The Sack of Corinth painting was painted by Thomas Allom. Thomas, with his keen interest in the Classical world, showcased his skills as an architect and topographical draughtsman through this monumental representation of the sack of the Greek city of Corinth. He regularly exhibited at the Royal Academy and in 1863, published a series of views of classical remains in the Art Journal. A slightly smaller and unfinished version of the artwork, titled “The Destruction of Corinth,” was found in his studio after his death and was auctioned off in 1873. It was later purchased by Paul Mellon and donated to the Yale Center for British Art.
Facts About Thomas Allom
- Thomas was born on March 13, 1804, in Lambeth, London, England, and died on October 21, 1872, in Barnes, London.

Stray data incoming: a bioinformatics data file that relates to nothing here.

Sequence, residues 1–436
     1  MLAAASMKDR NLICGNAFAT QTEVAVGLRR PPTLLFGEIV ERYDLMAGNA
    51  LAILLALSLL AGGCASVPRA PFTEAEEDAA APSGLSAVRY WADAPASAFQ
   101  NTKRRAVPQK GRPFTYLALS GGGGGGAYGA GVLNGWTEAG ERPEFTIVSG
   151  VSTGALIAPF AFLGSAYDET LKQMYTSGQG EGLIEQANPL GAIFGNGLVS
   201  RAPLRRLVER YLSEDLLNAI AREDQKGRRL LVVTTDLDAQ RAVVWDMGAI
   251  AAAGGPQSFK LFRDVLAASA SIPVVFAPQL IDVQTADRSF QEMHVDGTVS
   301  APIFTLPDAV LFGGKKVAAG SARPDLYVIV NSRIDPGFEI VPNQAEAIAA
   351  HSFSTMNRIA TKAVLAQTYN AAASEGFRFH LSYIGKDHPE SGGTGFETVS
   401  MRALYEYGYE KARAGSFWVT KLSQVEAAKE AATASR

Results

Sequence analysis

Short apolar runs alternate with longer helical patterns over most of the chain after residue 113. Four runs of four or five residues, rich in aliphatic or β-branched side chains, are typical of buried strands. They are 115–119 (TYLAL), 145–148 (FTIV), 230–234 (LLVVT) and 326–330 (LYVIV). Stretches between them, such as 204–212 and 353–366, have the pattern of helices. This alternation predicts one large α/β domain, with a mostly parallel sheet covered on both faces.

- The English painter was trained as an architect and started his career as an apprentice in the office of architect Francis Goodwin.
- The Church of St. Peter’s and parts of the Ladbroke Estate in Notting Hill are among some iconic buildings in London that he contributed to.
- He worked with Sir Charles Barry on many projects, including the Houses of Parliament in London.
- Allom was also an accomplished topographical illustrator and published numerous works on his travels, including “Constantinople and the Scenery of the Seven Churches of Asia Minor” in 1838 and “China Illustrated” in 1845.
- He was a founding member of the Royal Institute of British Architects (RIBA), established in 1834 to promote the profession of architecture and support architects in their work.